The Army's review of a Joint Base Lewis-McChord Stryker brigade's deployment to Afghanistan is complete but has not been widely circulated.
The Army in October launched a review of the 5th Brigade, 2nd Infantry Division following allegations that members of a troubled platoon used drugs during their deployment, murdered Afghan civilians and posed for pictures with Afghan casualties. A dozen enlisted soldiers in the platoon face or have faced misconduct charges, with five accused of murder.
The review, carried out by Brig. Gen. Stephen Twitty, was intended to look at overall conditions for the brigade, including its pre-deployment training under the commander who led it in Afghanistan, Col. Harry Tunnell.
The News Tribune and other news organizations have submitted Freedom of Information Act requests for Twitty’s review.
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The document is being released to defense attorneys with a protective order that prohibits them from disclosing the document to others, said Army spokeswoman Maj. Kathleen Turner. The order is intended to let defense attorneys review information to help their clients but keep them from influencing other cases.
“It is inappropriate to discuss the investigation’s findings before the judicial process has run its course in each case, as such discussion could prejudice or otherwise improperly affect the outcome of the cases. It is imperative that we carefully follow the judicial process to provide those accused a fair and impartial hearing while serving the needs of justice for all involved,” the Army said in a written statement.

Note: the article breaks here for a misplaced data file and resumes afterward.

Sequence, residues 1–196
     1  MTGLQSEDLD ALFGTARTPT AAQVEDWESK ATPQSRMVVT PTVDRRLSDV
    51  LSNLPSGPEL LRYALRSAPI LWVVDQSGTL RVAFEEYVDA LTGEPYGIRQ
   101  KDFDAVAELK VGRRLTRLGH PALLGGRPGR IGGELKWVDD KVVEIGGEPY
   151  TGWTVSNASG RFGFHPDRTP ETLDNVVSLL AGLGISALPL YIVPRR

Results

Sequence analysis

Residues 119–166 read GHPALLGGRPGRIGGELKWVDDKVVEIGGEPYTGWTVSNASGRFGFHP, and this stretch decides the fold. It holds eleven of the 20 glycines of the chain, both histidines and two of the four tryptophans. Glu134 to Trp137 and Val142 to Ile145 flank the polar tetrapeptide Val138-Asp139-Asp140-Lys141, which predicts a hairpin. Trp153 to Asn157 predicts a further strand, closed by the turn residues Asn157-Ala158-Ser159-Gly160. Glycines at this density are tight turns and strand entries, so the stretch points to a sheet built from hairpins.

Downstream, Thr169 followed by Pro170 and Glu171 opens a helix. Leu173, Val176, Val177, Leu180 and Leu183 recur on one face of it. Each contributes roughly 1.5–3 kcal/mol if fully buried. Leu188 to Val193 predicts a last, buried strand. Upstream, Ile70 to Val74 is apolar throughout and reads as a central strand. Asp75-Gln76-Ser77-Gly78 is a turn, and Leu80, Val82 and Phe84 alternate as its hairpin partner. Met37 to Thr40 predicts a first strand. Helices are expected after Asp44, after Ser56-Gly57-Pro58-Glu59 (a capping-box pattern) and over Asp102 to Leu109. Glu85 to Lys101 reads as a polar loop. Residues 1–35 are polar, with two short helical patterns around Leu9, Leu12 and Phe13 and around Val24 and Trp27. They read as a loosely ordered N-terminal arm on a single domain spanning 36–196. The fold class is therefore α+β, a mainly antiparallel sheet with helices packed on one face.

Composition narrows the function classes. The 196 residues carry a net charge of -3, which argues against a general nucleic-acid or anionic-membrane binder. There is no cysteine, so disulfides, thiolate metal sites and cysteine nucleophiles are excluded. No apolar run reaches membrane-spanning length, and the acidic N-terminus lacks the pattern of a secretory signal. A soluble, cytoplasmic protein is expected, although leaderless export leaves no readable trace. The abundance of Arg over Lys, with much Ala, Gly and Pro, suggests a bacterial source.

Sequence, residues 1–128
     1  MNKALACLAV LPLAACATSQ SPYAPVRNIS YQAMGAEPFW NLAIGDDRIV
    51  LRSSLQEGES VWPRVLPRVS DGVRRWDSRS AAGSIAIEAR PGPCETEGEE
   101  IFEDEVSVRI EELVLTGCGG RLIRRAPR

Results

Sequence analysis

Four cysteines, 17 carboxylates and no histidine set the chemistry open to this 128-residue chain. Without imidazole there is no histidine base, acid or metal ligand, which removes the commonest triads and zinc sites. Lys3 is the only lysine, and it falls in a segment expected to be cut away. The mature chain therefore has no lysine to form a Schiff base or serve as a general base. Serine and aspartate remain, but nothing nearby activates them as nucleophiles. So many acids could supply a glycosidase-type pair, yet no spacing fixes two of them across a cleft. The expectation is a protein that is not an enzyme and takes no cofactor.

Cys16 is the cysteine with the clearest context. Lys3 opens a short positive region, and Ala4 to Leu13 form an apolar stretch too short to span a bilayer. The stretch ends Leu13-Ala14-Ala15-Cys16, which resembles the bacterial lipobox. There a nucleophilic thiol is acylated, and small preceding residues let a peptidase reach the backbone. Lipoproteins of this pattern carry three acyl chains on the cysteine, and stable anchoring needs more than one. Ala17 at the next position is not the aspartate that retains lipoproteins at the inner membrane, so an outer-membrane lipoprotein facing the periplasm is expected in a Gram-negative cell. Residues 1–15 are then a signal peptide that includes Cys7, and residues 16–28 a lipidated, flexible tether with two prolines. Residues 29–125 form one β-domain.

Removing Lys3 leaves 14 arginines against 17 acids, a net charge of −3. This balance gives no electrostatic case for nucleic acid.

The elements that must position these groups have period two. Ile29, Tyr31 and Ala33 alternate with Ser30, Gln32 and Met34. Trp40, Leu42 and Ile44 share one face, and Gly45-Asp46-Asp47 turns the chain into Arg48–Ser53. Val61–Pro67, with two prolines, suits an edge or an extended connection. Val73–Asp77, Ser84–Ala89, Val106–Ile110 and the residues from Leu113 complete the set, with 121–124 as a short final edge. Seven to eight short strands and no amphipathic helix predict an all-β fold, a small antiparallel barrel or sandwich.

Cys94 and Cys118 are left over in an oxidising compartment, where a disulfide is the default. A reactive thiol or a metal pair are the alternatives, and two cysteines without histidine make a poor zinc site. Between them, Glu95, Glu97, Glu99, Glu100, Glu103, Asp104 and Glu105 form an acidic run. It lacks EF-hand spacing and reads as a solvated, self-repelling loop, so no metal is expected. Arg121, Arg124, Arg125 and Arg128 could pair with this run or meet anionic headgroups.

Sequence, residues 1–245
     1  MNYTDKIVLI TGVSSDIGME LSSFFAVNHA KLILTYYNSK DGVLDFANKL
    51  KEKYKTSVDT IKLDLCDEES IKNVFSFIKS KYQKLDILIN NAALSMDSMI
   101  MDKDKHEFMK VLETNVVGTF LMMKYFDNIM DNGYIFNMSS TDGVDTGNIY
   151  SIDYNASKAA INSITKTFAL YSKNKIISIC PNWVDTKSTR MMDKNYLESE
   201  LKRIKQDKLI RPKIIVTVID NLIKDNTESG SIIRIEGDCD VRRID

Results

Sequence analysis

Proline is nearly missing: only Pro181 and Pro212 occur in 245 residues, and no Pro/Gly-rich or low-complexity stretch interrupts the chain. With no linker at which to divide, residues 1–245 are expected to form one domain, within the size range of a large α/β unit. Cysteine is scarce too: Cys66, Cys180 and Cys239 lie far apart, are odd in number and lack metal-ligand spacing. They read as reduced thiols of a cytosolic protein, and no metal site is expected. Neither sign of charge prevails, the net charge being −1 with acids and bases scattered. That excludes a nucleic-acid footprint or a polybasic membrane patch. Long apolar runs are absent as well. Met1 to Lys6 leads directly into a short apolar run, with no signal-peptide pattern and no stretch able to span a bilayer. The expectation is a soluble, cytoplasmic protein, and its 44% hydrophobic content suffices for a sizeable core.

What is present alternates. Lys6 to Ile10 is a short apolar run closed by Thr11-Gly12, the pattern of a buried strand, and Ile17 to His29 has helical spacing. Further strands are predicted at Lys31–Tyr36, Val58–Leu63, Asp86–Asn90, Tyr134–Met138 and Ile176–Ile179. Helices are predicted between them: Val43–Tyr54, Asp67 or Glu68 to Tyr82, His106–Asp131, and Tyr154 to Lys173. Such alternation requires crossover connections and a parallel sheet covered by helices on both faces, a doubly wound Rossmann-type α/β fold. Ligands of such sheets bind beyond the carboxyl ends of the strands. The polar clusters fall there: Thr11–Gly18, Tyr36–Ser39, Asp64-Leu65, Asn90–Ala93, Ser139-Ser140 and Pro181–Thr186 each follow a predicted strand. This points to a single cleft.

Some have argued that the misconduct in the platoon reflected poor leadership in the brigade and at Forward Operating Base Ramrod. Soldiers in the platoon allegedly had easy access to hashish and assaulted a private who raised concerns about drug use in the unit.
None of the soldiers accused of misconduct is an officer. The lieutenant who led the platoon during a period that spanned two of three alleged murders was promoted to captain when he came home.
The Army has held tight to certain documents and information in the case, such as plea agreements some of the defendants have signed. It argues that the war crimes investigation is not finished until all 12 accused soldiers have their courts-martial and a full appeals process.
So far, five soldiers have been convicted of misdeeds. The five facing murder charges are awaiting their courts-martial, as are two noncommissioned officers whose charges center on assaulting a fellow soldier.